Newspaper adverts, flyers and direct mailing that targeted families with children in that age range were used to recruit likely candidates. To be included, the children had to have a BMI (weight in kilograms, divided by height in metres squared - kg/m2) that placed them within the top 25% of children of their age and sex. Children with a medical condition that prevented physical activity were not allowed to take part in the study. They also had to have unlimited access to TV and related sedentary activities and to watch TV or play computer games for at least 14 hours a week.
The 70 families that took part agreed to have a monitoring device added to every computer and TV in their home. In order to be turned on, any appliance that the device was attached to needed to have a four digit PIN code input. Each member of the family was given a PIN code that was kept secret from other members of the family.
The families were randomly allocated to two groups, an intervention group and a control group. The intervention group were set a weekly budget of time they could watch TV and use computers and when this budget was reached, the appliance would not work. As an incentive, the children were given $0.25 (up to $2 per week) for every half hour that they were under budget. Each month, the budget was reduced by 10% of the child’s original screen time, until it reached half of what they had been watching at the beginning of the study. Other incentives and praise were also used to reinforce healthy behaviour.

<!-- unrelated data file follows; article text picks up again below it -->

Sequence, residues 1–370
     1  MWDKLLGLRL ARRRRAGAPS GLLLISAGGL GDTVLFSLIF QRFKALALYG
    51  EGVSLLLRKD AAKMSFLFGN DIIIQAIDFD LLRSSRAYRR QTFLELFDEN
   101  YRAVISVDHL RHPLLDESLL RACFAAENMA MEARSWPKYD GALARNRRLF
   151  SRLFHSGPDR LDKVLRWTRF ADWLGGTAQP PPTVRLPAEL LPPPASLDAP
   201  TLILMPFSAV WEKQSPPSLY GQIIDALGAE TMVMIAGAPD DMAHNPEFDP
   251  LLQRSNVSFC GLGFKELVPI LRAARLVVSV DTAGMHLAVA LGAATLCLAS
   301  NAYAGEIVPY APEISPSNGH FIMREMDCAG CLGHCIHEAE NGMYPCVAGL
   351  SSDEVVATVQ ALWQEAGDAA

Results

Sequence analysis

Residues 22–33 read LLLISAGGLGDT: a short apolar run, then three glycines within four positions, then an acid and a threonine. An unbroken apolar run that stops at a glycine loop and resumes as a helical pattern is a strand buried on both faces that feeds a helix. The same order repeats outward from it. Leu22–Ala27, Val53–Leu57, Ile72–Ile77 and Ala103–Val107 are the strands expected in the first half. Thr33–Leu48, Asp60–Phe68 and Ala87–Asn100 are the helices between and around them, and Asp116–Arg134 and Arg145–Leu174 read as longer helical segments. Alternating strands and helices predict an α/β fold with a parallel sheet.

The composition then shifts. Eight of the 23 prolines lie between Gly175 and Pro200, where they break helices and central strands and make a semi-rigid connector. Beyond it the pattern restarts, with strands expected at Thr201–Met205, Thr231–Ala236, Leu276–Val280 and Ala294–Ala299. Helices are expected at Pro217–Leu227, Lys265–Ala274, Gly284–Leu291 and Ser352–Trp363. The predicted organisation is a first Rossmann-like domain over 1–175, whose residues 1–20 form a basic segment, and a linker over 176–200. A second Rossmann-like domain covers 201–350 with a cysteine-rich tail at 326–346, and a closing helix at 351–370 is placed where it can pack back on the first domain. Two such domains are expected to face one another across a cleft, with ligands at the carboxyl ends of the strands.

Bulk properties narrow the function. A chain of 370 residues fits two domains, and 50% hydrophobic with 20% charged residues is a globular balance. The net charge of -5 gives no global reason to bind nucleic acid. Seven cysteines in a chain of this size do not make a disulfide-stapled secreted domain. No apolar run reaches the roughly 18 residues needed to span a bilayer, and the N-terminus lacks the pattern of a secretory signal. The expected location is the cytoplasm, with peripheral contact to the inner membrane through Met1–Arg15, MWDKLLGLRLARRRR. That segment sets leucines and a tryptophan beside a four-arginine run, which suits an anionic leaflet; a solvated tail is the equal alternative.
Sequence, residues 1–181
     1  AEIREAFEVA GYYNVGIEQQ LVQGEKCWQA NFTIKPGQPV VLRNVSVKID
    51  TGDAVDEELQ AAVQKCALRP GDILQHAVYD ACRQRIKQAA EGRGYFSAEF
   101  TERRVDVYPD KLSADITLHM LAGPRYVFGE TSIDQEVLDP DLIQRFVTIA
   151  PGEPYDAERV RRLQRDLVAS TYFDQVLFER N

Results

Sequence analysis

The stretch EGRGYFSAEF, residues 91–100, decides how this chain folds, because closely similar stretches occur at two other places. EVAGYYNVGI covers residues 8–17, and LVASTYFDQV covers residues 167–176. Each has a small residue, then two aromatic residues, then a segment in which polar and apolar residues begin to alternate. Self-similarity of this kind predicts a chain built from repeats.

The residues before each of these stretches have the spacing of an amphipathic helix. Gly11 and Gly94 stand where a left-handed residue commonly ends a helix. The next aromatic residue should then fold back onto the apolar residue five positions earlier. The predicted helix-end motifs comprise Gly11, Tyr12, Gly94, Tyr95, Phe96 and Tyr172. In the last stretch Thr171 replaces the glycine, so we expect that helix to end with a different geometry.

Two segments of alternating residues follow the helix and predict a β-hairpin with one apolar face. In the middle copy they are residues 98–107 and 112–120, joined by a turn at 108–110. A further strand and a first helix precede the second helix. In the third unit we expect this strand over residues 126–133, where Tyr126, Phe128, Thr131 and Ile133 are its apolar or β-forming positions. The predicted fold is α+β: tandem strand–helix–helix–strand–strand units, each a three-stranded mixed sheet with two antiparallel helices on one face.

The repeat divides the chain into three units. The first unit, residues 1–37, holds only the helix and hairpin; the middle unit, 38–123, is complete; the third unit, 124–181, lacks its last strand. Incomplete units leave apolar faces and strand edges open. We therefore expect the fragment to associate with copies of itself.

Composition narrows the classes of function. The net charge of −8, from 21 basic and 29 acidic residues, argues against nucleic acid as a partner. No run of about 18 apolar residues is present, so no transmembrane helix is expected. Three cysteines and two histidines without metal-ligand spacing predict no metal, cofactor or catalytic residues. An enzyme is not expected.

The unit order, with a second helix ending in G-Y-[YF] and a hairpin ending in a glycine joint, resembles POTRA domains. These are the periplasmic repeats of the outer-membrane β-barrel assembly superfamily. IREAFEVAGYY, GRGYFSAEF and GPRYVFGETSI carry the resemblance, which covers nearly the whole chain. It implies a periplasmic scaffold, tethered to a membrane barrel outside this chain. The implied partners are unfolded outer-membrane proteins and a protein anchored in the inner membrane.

The children in the control group had no budget and had free access to TV and computer games. They also received $2 per week for participating in the trial and had similar routine measurements taken.